Tuesday, December 3, 2013
Tuesday, November 19, 2013
Tuesday, November 12, 2013
Wednesday, October 30, 2013
Thursday, October 17, 2013
Friday, October 11, 2013
Monday, September 30, 2013
Several years ago, I was asked to play violin with the Trans-Siberian Orchestra. The gig was on a Saturday night — my birthday, in fact — and the show was called “Beethoven’s Last Night.” I had never heard the famed progressive rock band in concert, but I knew of its reputation for excess, including pyrotechnics, costumes, big hair and thousands of fans.
I would be one of eight people in the string section. Actually, the eight of us were only half of the section. The other half would be electronically present via from a recording, just in case any of us screwed up.
Sunday, May 12, 2013
Off a dirt road connected to ever-flowing Interstate 35, a little metal sign on a wooden fence is the only indication of what lies ahead. Nearby, Buckley Powder, a mining and construction supply company, stores large quantities of ammonium nitrate, the source of the explosion at a fertilizer depot that killed at least 14 people and injured hundreds more last month in West.
In 2012, according to state records, Buckley Powder had as much as 90,000 pounds of ammonium nitrate in bins at this Central Texas plant — stored, according to Howard Wichter, Buckley’s chief financial officer, under conditions in which “nothing can happen to it.”
At a Country Fare restaurant tucked inside a truck stop not far from the bins, Lisa Slickerman, a waitress, said people who lived in the community nearby knew little about what was stored at the plant, but perhaps should have, especially after the West explosion.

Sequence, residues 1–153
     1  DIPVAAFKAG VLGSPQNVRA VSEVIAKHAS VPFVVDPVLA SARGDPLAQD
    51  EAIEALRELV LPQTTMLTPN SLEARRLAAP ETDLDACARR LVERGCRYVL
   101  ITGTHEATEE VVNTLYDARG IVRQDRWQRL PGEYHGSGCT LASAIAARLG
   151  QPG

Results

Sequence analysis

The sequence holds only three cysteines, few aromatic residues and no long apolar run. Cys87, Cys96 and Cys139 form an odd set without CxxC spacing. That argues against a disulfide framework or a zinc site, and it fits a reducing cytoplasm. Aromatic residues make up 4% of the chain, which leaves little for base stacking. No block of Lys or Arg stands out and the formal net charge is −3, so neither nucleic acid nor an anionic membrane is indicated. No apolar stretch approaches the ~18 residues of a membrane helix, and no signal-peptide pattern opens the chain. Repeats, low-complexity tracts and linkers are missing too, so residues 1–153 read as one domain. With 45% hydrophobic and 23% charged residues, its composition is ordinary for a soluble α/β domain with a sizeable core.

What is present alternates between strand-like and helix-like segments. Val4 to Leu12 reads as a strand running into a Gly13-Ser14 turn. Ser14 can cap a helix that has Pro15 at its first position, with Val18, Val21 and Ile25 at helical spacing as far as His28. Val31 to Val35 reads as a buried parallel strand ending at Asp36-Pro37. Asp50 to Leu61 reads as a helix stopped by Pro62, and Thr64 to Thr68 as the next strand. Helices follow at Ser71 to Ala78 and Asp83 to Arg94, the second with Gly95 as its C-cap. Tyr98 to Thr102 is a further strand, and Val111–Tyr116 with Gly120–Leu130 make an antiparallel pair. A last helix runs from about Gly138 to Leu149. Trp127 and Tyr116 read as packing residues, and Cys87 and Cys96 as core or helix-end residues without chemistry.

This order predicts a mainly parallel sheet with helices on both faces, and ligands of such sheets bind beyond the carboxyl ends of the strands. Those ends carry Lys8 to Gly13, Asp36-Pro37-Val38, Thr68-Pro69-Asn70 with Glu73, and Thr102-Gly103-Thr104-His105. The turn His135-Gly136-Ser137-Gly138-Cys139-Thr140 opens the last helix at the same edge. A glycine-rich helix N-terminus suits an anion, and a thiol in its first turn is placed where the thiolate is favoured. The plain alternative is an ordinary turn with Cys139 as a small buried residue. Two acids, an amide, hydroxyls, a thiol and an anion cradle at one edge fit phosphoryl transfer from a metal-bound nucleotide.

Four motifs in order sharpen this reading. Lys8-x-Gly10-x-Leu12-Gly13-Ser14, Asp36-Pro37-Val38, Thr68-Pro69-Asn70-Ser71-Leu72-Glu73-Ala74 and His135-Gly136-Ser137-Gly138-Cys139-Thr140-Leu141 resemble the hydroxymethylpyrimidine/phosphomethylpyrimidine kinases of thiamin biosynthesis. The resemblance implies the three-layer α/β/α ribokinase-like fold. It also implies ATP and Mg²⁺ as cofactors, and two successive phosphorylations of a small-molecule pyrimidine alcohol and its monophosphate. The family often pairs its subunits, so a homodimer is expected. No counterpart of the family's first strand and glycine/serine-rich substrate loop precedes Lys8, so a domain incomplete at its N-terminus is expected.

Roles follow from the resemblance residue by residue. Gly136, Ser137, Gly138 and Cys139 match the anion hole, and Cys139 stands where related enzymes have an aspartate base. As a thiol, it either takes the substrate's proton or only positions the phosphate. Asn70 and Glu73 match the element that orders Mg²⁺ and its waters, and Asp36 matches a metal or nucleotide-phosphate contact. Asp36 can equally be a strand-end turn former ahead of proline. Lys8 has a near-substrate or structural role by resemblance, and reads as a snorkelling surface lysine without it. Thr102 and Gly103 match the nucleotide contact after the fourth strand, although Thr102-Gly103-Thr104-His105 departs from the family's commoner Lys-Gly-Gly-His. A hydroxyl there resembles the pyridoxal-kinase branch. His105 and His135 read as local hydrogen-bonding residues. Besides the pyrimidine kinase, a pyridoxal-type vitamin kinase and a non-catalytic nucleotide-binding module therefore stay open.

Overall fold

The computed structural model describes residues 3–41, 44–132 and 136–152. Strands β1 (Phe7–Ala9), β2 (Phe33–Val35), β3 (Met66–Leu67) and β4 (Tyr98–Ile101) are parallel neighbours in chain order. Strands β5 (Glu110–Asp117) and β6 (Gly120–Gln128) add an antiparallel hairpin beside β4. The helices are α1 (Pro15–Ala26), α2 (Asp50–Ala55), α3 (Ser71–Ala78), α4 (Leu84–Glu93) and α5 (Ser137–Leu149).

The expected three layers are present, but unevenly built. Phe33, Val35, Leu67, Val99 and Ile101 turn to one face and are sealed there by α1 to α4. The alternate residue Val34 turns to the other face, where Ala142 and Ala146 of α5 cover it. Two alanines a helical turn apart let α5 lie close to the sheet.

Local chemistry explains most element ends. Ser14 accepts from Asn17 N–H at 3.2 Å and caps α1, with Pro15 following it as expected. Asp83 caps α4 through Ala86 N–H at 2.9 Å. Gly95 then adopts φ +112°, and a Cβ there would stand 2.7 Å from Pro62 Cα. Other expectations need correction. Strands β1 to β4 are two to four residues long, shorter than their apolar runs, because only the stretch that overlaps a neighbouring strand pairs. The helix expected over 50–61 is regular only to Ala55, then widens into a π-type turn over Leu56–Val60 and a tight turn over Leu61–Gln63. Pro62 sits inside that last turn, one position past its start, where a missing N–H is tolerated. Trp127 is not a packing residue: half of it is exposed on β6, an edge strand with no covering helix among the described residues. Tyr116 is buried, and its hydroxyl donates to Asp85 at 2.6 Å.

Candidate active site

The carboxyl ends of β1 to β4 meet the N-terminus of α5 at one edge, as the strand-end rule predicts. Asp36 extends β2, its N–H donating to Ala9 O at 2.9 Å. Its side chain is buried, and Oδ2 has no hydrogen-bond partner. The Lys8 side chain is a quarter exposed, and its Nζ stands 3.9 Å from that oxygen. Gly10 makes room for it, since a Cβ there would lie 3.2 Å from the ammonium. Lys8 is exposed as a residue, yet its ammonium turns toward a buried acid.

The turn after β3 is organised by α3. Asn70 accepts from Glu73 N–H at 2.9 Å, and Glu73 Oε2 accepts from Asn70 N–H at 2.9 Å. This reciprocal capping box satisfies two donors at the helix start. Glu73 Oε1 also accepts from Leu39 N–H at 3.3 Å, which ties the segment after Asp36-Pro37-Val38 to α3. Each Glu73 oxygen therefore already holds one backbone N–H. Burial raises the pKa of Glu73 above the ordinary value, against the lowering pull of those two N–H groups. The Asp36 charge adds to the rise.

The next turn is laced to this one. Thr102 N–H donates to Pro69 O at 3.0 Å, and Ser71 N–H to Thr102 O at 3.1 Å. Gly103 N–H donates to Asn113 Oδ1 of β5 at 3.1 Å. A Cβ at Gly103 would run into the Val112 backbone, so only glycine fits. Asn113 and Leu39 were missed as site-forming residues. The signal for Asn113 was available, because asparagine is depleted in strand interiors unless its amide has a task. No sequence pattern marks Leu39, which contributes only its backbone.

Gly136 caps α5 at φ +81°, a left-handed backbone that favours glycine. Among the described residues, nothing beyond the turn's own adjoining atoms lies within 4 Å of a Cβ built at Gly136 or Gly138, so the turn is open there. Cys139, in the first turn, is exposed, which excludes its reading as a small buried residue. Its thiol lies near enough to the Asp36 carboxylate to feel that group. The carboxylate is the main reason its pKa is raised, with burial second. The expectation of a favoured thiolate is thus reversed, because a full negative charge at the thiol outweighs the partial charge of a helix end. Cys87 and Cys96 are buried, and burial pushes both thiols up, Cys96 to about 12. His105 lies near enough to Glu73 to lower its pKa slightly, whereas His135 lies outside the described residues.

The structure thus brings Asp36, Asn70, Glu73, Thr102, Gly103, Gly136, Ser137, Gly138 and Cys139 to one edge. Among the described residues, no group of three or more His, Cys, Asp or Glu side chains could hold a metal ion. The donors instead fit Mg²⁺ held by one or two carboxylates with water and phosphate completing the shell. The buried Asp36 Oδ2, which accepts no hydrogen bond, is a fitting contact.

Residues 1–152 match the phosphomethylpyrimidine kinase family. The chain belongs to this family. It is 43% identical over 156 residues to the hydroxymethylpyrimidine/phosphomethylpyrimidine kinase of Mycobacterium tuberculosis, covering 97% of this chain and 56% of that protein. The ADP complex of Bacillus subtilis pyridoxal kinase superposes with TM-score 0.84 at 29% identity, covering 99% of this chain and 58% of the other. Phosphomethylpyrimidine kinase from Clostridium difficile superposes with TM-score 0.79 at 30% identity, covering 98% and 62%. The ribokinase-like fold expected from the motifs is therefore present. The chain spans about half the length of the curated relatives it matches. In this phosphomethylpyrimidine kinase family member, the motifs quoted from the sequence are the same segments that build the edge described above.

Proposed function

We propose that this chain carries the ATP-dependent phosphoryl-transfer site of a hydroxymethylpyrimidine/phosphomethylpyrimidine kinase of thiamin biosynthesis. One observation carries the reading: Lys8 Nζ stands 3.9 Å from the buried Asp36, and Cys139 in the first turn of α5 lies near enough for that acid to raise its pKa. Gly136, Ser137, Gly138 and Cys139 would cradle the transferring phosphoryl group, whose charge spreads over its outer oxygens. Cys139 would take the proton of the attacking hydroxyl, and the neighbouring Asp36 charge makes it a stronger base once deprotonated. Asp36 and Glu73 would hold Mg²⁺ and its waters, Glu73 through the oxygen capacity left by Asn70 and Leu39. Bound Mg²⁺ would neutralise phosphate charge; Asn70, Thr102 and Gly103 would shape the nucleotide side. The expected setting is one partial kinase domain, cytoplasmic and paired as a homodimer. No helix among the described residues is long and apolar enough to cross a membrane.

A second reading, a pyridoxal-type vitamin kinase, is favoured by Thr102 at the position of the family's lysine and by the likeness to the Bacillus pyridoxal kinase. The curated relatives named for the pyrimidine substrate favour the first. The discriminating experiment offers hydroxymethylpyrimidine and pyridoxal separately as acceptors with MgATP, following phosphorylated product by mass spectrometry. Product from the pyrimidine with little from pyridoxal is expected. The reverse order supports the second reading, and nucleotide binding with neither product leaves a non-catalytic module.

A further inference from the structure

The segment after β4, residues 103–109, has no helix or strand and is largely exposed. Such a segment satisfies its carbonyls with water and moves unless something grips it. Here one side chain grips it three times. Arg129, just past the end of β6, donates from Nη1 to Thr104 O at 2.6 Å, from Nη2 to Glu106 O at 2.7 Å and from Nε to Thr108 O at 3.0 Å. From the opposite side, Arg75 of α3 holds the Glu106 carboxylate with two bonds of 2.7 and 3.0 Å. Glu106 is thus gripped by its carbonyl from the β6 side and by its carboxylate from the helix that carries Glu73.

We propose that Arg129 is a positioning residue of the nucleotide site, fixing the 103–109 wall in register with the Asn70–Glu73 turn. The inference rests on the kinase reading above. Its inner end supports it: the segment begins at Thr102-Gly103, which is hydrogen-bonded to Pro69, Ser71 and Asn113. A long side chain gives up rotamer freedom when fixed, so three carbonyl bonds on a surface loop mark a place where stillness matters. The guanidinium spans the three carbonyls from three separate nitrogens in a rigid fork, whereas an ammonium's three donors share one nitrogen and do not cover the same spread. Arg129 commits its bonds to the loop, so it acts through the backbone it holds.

“Nobody talks about it,” she said.
Friday, April 19, 2013
|Photo by Tamir Kalifa|
In December 1999, Daniel Nagle, a correctional officer, stood on the Texas Capitol steps, leading a rally to ask lawmakers for a pay raise for his fellow prison employees. His union had been at odds with the prison administration for months over whether a staffing shortage was compromising safety.
“Someone will have to be killed,” he said at the rally, “before the Texas Department of Criminal Justice does anything about the shortage of staff in Texas prisons.”
Two weeks later, Nagle was fatally stabbed by an inmate while working at the McConnell Unit in Beeville. “There was nobody there to call for help,” said his sister Della Nagle. “It was just him and the inmates.”